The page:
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The Informal Economy: Recent Trends, Future Directions

The Informal Economy: Recent Trends, Future Directions. Martha Chen, June 1, 2016, Paper. “Informal employment represents more than half of nonagricultural employment in most developing regions, contributes to the overall economy, and provides pathways to reduction of poverty and inequality. Support to the informal economy should include the expansion of occupational health and safety to include informal workers, based on an analysis of their work places and work risks. The paper presents main schools of thought and argues for a holistic understanding of the different segments of the informal work force and for policies and interventions tailored to the needs and constraints of these different segments. The paper recommends a policy approach which seeks to extend social protection, including occupational health and safety services, to informal workers, and to increase the productivity of informal enterprises and informal workers through an enabling environment and support services.Link

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On Equal Pay Day, Why The Gender Gap Still Exists

On Equal Pay Day, Why The Gender Gap Still Exists. Claudia Goldin, April 12, 2016, Audio. “President Obama has declared today Equal Pay Day. There’s a reason it falls on April 12. As the proclamation says, today marks how far into the new year women would have to work in order to earn the same as men did in the previous year. Women, on average, make 79 cents for every dollar men earn. Harvard economics professor Claudia Goldin has looked into the reasons for this, and you say the reason is not primarily discrimination. Is that right?Link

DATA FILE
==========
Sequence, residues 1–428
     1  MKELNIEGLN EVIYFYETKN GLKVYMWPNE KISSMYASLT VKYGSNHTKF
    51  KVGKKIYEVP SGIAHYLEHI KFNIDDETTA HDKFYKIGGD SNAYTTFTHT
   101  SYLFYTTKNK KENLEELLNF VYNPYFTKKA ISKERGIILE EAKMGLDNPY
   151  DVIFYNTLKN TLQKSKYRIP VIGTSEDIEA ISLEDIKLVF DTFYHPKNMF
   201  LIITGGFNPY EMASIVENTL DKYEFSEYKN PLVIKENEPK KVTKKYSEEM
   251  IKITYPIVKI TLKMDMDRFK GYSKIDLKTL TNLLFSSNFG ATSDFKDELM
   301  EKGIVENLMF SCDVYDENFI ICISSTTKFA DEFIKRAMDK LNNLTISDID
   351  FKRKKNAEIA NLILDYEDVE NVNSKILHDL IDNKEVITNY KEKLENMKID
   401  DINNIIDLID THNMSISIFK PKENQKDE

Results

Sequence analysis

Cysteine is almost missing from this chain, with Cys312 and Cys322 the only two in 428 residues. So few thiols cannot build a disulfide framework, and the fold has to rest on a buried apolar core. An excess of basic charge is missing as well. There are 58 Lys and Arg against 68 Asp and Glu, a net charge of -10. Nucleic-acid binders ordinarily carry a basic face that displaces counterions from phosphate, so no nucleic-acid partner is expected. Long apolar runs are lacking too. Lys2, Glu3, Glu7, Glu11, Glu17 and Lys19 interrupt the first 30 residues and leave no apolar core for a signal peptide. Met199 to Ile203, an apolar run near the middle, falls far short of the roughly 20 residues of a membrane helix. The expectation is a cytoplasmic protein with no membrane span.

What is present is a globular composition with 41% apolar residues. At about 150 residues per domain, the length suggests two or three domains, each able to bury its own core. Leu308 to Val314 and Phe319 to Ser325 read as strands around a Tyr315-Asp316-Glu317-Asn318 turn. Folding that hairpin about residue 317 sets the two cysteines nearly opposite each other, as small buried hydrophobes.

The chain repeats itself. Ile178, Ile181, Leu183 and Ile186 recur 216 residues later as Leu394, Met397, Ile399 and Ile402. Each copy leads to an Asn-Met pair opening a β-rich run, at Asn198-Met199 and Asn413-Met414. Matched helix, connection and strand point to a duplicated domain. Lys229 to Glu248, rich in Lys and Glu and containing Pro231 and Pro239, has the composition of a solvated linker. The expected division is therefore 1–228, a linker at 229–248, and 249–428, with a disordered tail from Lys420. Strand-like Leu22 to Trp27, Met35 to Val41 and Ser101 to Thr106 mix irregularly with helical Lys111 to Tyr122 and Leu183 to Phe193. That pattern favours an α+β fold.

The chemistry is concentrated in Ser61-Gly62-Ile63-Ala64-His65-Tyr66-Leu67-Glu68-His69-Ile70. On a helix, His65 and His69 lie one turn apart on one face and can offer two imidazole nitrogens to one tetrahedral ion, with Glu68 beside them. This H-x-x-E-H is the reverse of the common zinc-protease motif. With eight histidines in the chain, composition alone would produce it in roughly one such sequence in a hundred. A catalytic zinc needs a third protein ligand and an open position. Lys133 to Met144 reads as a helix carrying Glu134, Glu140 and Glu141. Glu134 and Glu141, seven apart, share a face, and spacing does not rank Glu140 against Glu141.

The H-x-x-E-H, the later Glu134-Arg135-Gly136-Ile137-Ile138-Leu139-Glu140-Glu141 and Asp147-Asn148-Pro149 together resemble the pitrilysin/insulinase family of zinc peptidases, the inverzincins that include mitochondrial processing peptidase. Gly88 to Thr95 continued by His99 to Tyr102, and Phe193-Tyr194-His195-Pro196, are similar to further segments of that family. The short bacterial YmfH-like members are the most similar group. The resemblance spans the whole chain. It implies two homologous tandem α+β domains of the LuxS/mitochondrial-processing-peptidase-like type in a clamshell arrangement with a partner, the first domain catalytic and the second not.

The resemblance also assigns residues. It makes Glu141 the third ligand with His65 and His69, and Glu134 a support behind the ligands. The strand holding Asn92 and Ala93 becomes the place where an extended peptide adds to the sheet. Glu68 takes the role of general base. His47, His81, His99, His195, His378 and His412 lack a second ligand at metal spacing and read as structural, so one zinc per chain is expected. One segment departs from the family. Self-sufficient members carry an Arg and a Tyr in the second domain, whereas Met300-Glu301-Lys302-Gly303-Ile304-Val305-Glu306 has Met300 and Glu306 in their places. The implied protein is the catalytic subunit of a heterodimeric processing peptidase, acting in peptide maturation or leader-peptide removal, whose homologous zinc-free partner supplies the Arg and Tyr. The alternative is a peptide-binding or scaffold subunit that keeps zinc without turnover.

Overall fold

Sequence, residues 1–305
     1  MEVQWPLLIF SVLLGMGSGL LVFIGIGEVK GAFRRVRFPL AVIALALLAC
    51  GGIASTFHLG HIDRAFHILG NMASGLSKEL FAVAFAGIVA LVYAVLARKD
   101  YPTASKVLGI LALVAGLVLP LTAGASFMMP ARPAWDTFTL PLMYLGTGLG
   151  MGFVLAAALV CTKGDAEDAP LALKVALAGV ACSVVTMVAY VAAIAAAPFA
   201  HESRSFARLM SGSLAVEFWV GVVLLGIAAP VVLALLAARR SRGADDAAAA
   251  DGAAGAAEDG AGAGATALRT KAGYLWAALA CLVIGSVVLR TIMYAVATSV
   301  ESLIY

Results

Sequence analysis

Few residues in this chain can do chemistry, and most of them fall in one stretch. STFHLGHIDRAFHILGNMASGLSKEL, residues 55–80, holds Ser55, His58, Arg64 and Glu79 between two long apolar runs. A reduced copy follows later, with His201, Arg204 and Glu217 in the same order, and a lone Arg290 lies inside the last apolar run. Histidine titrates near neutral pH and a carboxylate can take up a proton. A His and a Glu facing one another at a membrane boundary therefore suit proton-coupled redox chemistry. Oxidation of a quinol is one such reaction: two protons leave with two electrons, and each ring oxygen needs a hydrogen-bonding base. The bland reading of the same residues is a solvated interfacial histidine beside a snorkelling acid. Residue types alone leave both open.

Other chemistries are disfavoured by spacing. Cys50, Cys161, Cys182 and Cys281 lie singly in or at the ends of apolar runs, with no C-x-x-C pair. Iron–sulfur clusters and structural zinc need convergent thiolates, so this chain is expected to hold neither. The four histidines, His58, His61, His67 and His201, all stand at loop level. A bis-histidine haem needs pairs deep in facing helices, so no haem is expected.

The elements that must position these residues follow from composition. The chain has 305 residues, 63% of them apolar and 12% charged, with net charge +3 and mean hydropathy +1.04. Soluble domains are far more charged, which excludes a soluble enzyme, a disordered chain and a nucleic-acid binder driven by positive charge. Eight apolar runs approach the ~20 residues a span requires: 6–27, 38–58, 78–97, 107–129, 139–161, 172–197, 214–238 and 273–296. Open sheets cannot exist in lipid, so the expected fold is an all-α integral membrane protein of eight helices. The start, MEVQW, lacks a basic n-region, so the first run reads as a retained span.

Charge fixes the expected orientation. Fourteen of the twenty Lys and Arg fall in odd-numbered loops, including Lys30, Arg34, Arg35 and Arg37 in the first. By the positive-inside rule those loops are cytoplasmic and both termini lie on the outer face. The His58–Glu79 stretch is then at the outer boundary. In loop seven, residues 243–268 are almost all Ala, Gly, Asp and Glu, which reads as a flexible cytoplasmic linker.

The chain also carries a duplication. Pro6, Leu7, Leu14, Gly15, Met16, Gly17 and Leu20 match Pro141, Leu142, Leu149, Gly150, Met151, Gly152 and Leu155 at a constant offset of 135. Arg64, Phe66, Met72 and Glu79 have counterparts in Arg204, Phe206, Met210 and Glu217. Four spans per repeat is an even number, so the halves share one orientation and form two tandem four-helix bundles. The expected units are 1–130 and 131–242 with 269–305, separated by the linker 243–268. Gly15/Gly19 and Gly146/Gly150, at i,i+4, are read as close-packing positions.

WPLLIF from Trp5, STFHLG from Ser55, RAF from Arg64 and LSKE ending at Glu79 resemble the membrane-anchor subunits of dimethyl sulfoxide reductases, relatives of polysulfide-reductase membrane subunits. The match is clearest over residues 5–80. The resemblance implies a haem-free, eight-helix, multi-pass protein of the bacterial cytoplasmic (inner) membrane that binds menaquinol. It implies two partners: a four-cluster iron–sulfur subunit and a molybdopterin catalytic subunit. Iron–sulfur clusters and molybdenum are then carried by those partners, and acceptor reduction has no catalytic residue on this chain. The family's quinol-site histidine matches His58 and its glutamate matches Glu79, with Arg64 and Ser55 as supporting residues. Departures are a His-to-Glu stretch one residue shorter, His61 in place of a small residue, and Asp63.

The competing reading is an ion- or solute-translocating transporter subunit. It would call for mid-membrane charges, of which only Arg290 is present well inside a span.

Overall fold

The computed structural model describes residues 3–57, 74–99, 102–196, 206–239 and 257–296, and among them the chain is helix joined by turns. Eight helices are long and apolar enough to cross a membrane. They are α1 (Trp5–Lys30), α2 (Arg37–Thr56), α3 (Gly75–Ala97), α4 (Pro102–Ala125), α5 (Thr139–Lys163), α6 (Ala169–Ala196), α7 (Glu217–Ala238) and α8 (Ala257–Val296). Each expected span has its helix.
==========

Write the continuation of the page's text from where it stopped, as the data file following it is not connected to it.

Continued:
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The Association Between Income and Life Expectancy in the United States, 2001-2014

The Association Between Income and Life Expectancy in the United States, 2001-2014. Raj Chetty, April 10, 2016, Paper. “Importance: The relationship between income and life expectancy is well established but remains poorly understood.  Objectives” To measure the level, time trend, and geographic variability in the association between income and life expectancy and to identify factors related to small area variation.  Design and Setting: Income data for the US population were obtained from 1.4 billion deidentified tax records between 1999 and 2014. Mortality data were obtained from Social Security Administration death records. These data were used to estimate race- and ethnicity-adjusted life expectancy at 40 years of age by household income percentile, sex, and geographic area, and to evaluate factors associated with differences in life expectancy.Link

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Richard Parker on Jobs, Financial Crises, and Inequality

Richard Parker on Jobs, Financial Crises, and Inequality April 2016. GrowthPolicy staff member Marzena Rogalska interviewed Harvard Kennedy School Professor Richard Parker, focusing on three key questions motivating the GrowthPolicy website. Below is an edited version of Professor Parker’s comments. Click here for more interviews like this one. Where will jobs come from? | How […]